Equity loans are similar to home equity loans, except that instead of using a home you will use your vehicle’s value as collateral for a short-term loan. You will then repay the loan with interest. Can I take a loan against my car?
Car loans can be attractive if you need quick cash due to the fact that it is easier to qualify for a car loan than a traditional one because the car acts as collateral. In addition, some equity loans have longer periods and lower interest rates than other risky loans, such as title loans and payday loans.
On the other hand, equity loans can be expensive. And if you can’t pay back the loan according to its terms, the loan can be deducted – and you can lose the car. Here’s what you should know before taking out a loan for equity.
Where to find car loans
Most local banks and some credit unions offer equity loans. The interest rate on such loans depends on the creditworthiness, credit history and value of the car.
The four largest banks in the country in terms of deposits – Bank of America, Chase, Citibank and Wells Fargo – do not offer car loans, but some smaller banks do.
At federal savings banks, the maximum annual interest rate that can be imposed on such loans is 18%, although additional application fees may apply.
You may qualify for an auto equity loan from a lender other than a community bank or credit union. These lenders, many of whom operate online, offer secured loans with a maximum interest rate of 36% and repayment periods of two to five years. Regulators and consumer ombudsmen say 36% is the upper limit for an affordable loan.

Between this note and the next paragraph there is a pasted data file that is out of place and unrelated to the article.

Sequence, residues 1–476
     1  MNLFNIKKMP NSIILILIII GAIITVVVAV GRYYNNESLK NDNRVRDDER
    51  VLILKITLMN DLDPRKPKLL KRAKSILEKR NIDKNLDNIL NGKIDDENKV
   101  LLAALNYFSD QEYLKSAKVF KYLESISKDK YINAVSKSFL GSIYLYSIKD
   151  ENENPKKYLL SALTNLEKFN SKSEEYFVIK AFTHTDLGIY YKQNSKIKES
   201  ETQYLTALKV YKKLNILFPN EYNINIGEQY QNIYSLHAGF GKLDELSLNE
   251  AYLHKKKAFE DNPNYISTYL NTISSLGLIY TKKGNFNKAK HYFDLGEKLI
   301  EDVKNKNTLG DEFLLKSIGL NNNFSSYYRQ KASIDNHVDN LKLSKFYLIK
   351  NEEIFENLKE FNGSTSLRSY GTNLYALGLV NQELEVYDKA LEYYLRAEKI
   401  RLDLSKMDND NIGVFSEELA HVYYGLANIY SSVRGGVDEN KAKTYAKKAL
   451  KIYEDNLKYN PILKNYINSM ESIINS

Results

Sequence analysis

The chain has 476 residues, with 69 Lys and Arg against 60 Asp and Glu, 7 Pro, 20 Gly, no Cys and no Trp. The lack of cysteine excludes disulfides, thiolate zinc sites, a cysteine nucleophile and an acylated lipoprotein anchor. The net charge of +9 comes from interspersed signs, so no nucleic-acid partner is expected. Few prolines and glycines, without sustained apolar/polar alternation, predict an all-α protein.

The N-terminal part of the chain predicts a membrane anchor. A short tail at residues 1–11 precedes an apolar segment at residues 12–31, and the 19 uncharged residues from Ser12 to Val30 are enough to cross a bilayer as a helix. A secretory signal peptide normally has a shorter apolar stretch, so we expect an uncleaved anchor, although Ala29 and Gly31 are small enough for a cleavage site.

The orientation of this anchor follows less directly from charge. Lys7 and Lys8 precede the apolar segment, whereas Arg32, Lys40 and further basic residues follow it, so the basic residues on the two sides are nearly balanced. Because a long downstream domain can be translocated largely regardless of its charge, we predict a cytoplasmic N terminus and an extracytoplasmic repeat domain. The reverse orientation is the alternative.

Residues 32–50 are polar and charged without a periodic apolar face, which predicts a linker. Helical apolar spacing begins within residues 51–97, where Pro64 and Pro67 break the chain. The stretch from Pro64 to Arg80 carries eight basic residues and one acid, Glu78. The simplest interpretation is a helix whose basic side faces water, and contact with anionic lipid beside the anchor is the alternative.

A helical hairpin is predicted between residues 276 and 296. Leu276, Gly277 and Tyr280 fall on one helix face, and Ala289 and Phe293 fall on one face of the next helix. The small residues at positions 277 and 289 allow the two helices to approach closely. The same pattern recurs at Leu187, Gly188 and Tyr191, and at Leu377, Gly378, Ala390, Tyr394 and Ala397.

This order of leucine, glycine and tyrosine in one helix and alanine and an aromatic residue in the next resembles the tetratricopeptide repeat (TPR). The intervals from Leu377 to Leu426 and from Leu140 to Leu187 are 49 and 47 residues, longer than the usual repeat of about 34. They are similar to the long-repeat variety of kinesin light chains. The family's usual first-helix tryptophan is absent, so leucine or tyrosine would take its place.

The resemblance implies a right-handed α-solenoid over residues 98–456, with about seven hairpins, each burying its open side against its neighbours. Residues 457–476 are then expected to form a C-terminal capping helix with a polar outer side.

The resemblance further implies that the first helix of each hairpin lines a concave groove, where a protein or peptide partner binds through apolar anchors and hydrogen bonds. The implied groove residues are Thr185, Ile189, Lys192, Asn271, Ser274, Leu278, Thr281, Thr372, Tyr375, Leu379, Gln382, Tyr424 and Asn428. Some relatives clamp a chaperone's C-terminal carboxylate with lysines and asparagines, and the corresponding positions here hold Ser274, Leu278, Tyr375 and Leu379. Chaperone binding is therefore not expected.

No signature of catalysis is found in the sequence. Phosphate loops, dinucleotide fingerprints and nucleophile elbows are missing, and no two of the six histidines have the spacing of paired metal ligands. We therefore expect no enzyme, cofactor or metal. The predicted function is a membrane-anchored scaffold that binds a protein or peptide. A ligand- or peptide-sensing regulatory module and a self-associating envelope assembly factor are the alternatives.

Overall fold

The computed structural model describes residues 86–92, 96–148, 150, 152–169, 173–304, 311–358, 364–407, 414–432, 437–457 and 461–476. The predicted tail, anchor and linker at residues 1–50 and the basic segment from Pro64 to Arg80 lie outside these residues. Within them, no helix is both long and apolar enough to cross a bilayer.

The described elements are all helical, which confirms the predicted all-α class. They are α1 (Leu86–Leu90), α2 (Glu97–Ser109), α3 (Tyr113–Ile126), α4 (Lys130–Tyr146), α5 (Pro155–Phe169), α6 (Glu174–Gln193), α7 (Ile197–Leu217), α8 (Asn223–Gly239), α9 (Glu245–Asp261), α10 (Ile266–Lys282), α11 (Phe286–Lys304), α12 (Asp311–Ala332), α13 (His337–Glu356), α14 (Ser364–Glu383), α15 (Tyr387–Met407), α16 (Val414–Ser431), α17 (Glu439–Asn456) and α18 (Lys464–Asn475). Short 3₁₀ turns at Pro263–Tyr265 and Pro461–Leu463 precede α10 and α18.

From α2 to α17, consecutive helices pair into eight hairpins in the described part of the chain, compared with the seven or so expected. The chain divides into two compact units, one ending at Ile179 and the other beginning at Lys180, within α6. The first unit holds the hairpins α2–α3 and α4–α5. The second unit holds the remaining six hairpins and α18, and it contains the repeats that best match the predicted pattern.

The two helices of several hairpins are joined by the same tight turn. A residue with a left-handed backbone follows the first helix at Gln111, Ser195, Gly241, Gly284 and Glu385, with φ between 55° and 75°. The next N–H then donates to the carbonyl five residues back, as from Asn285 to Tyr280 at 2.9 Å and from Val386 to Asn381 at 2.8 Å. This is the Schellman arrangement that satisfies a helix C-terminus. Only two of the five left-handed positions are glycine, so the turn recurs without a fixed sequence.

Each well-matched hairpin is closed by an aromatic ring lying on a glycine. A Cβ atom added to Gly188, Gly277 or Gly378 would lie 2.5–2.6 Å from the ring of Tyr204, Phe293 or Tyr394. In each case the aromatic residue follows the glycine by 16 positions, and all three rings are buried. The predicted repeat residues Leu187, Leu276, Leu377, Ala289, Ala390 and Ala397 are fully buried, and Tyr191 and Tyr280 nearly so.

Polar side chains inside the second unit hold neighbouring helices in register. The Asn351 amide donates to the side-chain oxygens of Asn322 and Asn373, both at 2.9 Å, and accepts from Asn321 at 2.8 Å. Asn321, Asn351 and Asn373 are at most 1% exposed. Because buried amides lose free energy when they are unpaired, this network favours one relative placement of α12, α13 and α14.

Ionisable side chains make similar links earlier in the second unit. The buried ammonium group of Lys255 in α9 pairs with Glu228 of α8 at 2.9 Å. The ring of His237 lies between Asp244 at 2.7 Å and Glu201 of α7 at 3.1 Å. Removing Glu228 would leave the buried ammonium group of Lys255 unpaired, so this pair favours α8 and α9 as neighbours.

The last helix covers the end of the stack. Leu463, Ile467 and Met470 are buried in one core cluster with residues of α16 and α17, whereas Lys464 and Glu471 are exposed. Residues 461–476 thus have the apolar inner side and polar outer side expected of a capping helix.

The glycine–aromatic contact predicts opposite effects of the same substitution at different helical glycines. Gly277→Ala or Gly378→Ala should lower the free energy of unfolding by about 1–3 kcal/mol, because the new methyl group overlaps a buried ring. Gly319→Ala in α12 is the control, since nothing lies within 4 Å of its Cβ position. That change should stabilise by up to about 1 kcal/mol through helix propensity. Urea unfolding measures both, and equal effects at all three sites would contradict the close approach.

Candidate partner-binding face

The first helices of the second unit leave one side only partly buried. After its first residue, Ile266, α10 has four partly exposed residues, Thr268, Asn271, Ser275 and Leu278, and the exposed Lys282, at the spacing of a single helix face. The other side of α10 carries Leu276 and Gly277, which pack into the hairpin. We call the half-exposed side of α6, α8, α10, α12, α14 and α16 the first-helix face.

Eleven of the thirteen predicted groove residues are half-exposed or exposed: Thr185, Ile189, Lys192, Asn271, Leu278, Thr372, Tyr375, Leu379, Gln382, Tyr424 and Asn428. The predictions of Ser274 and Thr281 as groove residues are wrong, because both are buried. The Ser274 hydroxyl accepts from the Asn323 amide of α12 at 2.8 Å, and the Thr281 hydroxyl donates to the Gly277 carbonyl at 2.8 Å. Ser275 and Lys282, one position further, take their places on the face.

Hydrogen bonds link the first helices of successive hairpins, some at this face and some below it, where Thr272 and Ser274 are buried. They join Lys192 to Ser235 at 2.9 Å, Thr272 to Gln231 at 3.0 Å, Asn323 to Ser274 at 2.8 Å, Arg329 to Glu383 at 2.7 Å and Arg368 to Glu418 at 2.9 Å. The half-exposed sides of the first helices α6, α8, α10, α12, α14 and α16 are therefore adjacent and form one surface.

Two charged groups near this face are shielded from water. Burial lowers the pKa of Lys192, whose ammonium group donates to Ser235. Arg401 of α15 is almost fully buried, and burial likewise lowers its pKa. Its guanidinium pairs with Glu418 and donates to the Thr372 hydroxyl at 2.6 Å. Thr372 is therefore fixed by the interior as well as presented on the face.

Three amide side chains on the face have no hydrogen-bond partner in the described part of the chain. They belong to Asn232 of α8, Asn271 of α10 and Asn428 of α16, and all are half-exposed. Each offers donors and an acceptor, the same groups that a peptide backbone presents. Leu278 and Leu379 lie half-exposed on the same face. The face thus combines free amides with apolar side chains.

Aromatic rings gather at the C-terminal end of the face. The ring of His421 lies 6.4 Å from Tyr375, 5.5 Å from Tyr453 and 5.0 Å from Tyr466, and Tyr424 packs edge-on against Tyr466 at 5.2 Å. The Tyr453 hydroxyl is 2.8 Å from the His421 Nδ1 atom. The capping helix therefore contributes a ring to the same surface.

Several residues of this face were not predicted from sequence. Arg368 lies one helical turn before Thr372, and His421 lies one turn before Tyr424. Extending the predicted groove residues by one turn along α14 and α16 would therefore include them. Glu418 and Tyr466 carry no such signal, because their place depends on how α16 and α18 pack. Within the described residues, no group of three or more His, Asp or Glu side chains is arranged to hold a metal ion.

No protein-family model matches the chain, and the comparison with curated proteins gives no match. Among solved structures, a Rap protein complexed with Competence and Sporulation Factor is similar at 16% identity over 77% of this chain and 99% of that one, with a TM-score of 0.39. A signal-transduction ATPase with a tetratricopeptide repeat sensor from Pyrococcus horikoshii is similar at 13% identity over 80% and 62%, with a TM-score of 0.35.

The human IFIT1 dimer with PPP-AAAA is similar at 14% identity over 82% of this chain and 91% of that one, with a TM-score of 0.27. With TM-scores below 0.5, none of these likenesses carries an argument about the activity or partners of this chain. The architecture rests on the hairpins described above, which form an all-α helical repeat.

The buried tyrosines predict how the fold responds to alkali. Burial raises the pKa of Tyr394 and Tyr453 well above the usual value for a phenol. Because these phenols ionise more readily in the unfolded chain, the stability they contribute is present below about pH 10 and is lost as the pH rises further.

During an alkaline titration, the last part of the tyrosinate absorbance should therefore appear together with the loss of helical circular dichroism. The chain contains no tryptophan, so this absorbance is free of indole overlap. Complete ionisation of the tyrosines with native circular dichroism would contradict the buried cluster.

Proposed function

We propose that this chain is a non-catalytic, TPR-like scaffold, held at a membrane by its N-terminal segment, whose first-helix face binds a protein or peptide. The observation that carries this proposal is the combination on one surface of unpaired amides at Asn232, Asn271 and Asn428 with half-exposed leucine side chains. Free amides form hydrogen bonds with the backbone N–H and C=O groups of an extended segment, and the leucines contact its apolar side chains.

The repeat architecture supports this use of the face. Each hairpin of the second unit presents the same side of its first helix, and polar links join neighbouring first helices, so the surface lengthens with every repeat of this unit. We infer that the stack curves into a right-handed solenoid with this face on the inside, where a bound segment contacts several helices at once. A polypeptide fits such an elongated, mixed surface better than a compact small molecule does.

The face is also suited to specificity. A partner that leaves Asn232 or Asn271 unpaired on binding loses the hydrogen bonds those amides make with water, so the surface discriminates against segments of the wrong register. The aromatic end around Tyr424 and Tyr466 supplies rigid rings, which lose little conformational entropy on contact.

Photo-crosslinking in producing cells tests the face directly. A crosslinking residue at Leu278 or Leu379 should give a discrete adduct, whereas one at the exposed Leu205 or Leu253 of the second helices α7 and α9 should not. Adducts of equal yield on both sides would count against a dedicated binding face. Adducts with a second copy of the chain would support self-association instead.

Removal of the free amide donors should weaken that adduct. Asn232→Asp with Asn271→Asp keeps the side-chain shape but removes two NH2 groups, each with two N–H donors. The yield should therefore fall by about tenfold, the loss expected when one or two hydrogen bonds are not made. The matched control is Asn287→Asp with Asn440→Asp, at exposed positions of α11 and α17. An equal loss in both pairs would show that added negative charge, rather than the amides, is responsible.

Short-term bank loans
Before committing to a three-digit interest rate car loan, borrowers should first try to secure a traditional loan with a local bank or credit union. Even the most expensive bank loans are cheaper than title loans. What’s more, some banks will provide collateral loans to borrowers with less than star loans. Therefore, employees who own cars can pledge their vehicles on bank loans at an interest rate.
Loss of a car
One of the biggest problems with the title loans is the risk of losing your car. According to a study conducted in May 2016 by the Consumer Protection Office, one in five borrowers have a vehicle recovered. If you are unable to pay, the lender can take over the car, sell it and keep some of the money. In many cases, lenders keep the total amount of proceeds – because that was the value of the car on the resale market.
If your car is taken over, things can slide down quickly. You may not be able to get to work and still earn. Return to work and return will take much longer. Longer journeys affect the quality of life because you and your family will find it difficult to perform everyday tasks such as shopping and getting to school. If you don’t have to put your car on the line, don’t do it.